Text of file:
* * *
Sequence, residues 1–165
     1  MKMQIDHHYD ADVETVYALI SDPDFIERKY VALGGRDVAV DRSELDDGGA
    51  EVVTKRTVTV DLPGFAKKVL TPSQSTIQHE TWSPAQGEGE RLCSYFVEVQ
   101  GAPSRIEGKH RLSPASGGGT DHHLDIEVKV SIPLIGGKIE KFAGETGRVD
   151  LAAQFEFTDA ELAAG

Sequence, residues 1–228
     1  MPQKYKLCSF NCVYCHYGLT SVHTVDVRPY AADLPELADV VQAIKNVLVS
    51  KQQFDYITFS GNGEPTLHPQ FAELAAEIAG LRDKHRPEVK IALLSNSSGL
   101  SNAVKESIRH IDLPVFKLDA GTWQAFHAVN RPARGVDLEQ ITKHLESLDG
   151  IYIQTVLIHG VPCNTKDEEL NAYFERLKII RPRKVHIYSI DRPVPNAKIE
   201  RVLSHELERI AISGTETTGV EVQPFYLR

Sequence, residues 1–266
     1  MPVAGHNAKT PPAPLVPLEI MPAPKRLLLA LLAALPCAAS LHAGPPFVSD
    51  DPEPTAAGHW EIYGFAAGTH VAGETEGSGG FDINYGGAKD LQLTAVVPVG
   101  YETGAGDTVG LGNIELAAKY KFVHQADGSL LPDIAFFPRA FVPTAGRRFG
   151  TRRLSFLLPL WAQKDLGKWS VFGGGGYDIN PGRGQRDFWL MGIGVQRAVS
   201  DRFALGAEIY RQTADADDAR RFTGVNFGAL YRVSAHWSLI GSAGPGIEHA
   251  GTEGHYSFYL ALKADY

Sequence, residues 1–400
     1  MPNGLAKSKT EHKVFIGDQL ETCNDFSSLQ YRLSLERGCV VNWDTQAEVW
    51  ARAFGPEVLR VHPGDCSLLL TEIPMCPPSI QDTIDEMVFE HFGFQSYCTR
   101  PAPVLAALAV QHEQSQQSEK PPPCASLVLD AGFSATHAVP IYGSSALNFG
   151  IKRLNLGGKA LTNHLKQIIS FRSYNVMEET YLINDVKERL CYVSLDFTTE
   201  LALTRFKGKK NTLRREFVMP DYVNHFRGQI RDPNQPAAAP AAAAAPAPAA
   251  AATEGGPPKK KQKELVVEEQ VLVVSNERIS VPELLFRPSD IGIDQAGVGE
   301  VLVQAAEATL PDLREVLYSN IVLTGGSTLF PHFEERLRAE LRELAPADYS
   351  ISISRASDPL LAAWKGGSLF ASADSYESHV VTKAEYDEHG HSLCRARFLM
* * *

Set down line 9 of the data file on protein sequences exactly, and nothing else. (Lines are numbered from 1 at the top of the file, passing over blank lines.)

   101  SNAVKESIRH IDLPVFKLDA GTWQAFHAVN RPARGVDLEQ ITKHLESLDG